What the government cannot do is impose an overbroad muzzle on its employees that prevents them from speaking out at all.

The Congressmen seem to be suggesting in their guide that the latter case is taking place, that an “overbroad muzzle” is being imposed on the federal workforce.

Becoming a Whistleblower

FedSmith.com author Ralph Smith recently wrote in his article Do You Have What It Takes to be a Whistleblower? that it is not sufficient for a federal employee to simply declare himself to be a whistleblower:

While an individual may consider his personal actions qualifying him as a whistleblower, a self-declaration does not automatically guarantee legal protection. Generally, a federal agency violates the Whistleblower Protection Act if it takes or fails to take (or threatens to take or fail to take) a personnel action with respect to any employee or applicant because of:

  • any disclosure of information by the employee or applicant that he or she reasonably believes evidences a violation of a law, rule or regulation;
  • gross mismanagement;
  • gross waste of funds;
  • an abuse of authority;
  • or a substantial and specific danger to public health or safety.

FedSmith.com author and founding partner of the law firm Tully Rinckey PLLC Mathew Tully wrote in his article Proving Retaliation is ‘In Reprisal For’ Blowing the Whistle that the burden of proof of proving that retaliation against an agency whistleblower is most often on the employee himself as opposed to the agency.

“The decision to blow the whistle and disclose agency misconduct can be a daunting task, especially in light of the possibility of retaliation. It can be even more daunting trying to subsequently prove such retaliation,” wrote Tully.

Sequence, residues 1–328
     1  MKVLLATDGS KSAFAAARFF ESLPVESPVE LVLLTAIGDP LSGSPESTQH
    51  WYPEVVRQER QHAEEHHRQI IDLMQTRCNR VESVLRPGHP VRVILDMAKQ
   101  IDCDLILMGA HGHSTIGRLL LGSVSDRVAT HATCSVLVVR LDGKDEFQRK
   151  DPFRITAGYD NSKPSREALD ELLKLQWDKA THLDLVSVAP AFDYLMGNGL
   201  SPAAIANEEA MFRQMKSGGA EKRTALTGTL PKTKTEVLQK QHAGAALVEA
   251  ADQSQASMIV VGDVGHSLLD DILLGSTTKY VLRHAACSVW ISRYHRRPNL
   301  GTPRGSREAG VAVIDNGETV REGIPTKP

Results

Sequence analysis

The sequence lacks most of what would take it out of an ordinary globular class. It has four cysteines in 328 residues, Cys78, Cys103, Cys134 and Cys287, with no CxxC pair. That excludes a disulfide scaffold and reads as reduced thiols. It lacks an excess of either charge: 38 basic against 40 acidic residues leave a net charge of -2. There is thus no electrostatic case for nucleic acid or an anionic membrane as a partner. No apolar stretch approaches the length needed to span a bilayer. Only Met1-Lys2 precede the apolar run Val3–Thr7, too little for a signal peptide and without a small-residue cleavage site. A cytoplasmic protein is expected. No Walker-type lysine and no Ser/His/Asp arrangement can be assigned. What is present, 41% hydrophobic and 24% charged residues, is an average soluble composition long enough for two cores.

Both Smith and Tully said in their articles that federal employees who are considering blowing the whistle on their agencies would be well advised to get advice from a lawyer experienced in federal whistleblowing cases before proceeding. Nobody said that standing up for what you believe in will always be easy, but doing so carefully and according to a predetermined plan is generally a wise course of action.

Caveat Emptor

Here is another point to ponder: if you decide to speak out against the new administration or your agency and find yourself on the losing end of a lawsuit, you have something to lose: your job as a federal employee. If it happens to involve classified information, you could find yourself in jail or on the run from the government (anyone remember Edward Snowden?).

Congressmen Beyer and Lieu are not going to be the subject of a First Amendment lawsuit that could upend their lives if you decide to follow their advice but end up getting burned in the process. In fact, they may well remain in Congress until they decide to retire.

While their guide was probably written with good intentions, the legal ramifications surrounding what they are suggesting has the potential to upend lives and careers. Caveat emptor.

© 2017 Ian Smith. All rights reserved. This article may not be reproduced without express written consent from Ian Smith.

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About the Author

Ian Smith is one of the co-founders of FedSmith.com. He enjoys writing about current topics that affect the federal workforce. Ian also has a background in web development and does the technical work for the FedSmith.com web site and its sibling sites.